Hodge’s successor, General William Roberts, declared it was of “utmost importance” that dissenters “be cleared up as soon as possible.” The repressive Japanese organization, “National League To Provide Guidance” (Bo Do Yun Maeng), was expanded by the Rhee regime. Used to systematically identify any Koreans who had opposed Japanese occupation, the League now worked to identify those who opposed the de facto brutal U.S./Rhee rule. Thousands were murdered, jailed, and tortured, and many dumped into the sea as a result.

The Governor of Jeju at the time admitted that the repression of the Island’s 300,000 residents led to the murder of as many as 60,000 Islanders, with another 40,000 desperately fleeing in boats to Japan. Thus, one-third of its residents were either murdered or fled during the “extermination” campaign. Nearly 40,000 homes were destroyed and 270 of 400 villages were leveled. One of Robert’s cohorts, Colonel Rothwell Brown, claimed that the Islanders were simply “ignorant, uneducated farmers and fishers,” a weak excuse for repressing those who, Brown asserted, refused to recognize the “superiority” of the “American Way.”

U.S. Secretary of State Dean Acheson, and George Kennan, head of the State Department’s Policy Planning, agreed in 1949 that suppression of the internal threat in South Korea, (i.e., Koreans’ passion for self-determination), with assistance of the newly created CIA, was critical to preserving Rhee’s power, and assuring success of the U.S.’s worldwide containment policy. The 1949 Chinese Revolution made repressing the neighboring Korean’s passion for self-determination indispensable for success in the emerging “Cold War,” complementing successful U.S. efforts using CIA covert actions to thwart any socialist movements in Europe following World War II.

The 1949-50 National Security Council study, known as NSC-68, laid out U.S. aims to assure a global political system to “foster a world environment in which the American system can survive and flourish.”

The Korean War that lasted from June 1950 to July 1953, was an enlargement of the 1948-50 struggle of Jeju Islanders to preserve their self-determination from the tyrannical rule of U.S.-supported Rhee and his tiny cadre of wealthy constituents. Little known is that the U.S.-imposed division of Korea in 1945 against the wishes of the vast majority of Koreans was the primary cause of the Korean War that broke out five years later. The War destroyed by bombing most cities and villages in Korea north of the 38th Parallel, and many south of it, while killing four million Koreans – three million (one-third) of the north’s residents and one million of those living in the south, in addition to killing one million Chinese. This was a staggering international crime still unrecognized that killed five million people and permanently separated 10 million Korean families.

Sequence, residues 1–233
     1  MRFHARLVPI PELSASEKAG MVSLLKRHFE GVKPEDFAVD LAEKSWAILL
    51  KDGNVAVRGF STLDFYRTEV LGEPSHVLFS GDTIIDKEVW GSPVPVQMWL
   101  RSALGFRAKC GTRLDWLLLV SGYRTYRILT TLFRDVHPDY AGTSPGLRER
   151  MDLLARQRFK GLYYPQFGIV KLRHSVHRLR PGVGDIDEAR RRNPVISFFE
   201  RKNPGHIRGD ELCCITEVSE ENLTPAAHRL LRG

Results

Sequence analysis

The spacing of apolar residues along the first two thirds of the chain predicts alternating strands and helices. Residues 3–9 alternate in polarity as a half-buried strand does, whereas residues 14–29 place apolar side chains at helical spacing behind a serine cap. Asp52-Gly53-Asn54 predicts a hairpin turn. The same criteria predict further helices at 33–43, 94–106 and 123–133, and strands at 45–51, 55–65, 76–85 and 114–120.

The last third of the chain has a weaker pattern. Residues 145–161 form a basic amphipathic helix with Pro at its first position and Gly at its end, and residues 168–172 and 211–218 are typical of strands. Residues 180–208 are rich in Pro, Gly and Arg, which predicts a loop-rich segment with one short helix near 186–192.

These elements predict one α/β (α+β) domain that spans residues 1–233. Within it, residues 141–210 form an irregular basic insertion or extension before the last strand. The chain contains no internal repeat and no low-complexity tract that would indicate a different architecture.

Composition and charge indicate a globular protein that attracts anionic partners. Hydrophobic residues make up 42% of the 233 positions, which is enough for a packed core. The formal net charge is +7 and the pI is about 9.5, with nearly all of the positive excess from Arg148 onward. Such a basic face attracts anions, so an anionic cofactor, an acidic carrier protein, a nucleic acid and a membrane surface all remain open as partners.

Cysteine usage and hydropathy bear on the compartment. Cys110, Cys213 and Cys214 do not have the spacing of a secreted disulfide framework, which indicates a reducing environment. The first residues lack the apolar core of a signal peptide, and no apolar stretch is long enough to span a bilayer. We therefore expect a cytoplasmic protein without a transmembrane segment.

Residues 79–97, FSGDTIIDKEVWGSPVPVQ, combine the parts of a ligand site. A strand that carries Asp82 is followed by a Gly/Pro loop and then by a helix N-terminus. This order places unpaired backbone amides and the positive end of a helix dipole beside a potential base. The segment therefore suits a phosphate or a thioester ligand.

Following the Korean War, Dean Acheson concluded that “Korea saved us,” enabling the U.S. to implement its apocalyptic imperial strategy laid out in NSC-68. In Korea, this meant that the U.S. consistently assured dictatorial governments for nearly 50 years, long after Rhee was forced out of office at age 85 in 1960. Since 1953, the U.S. and South Korea have lived under a Mutual Defense Treaty, Status of Forces Agreements, and a Combined Forces Command headed by a 4-star U.S. general. The fact is that despite claims to the contrary, Korea has never assumed sovereignty since the U.S. imposed division of Korea in 1945. The U.S. has possessed more than 100 military bases and nearly 50,000 troops on Korean soil, and even today has dozens of bases and 28,000 troops stationed there. For decades, the U.S. maintained its main Asian bombing range south of Seoul.

Despite this gruesome history, Koreans began to successfully assert some semblance of democratic governments in the 1990s. However, despite creation of a constitution that protects free speech and basic human rights, Koreans once again are experiencing egregious repression. The Korean residents of pristine Jeju Island vigorously oppose the construction of a deep-water port to host Korean and U.S. guided missile-equipped Aegis Destroyers at the village of Gangjeong. The South Korean government headed by reactionary President Lee Myung Bak is ruthlessly repressing their legitimate, constitutionally-protected free speech. This is not acceptable. The residents of Jeju have a long history of living in peace and harmony. They were brutalized in the late 1940s for wanting independence, and are being brutalized once again for attempting to preserve self-determination. It is déjà vu.

We have been following the daily brutal repression by as many as 1,500 Korean police and security forces of Jeju’s 1,500 residents whose voices of passionate and nonviolent opposition have been completely ignored. When we called the Korean Embassy in Washington, D.C. to ask why this deep-water port construction continues in Gangjeong over objections of more than 90 percent of its residents, the answer has been, “Don’t call us, call your own (U.S.) government.” Political pressure from the U.S. continues to interfere with sovereignty of the Korean people as their own government disrespects, then represses, the free speech of its own citizens despite protections inscribed in the Korean constitution.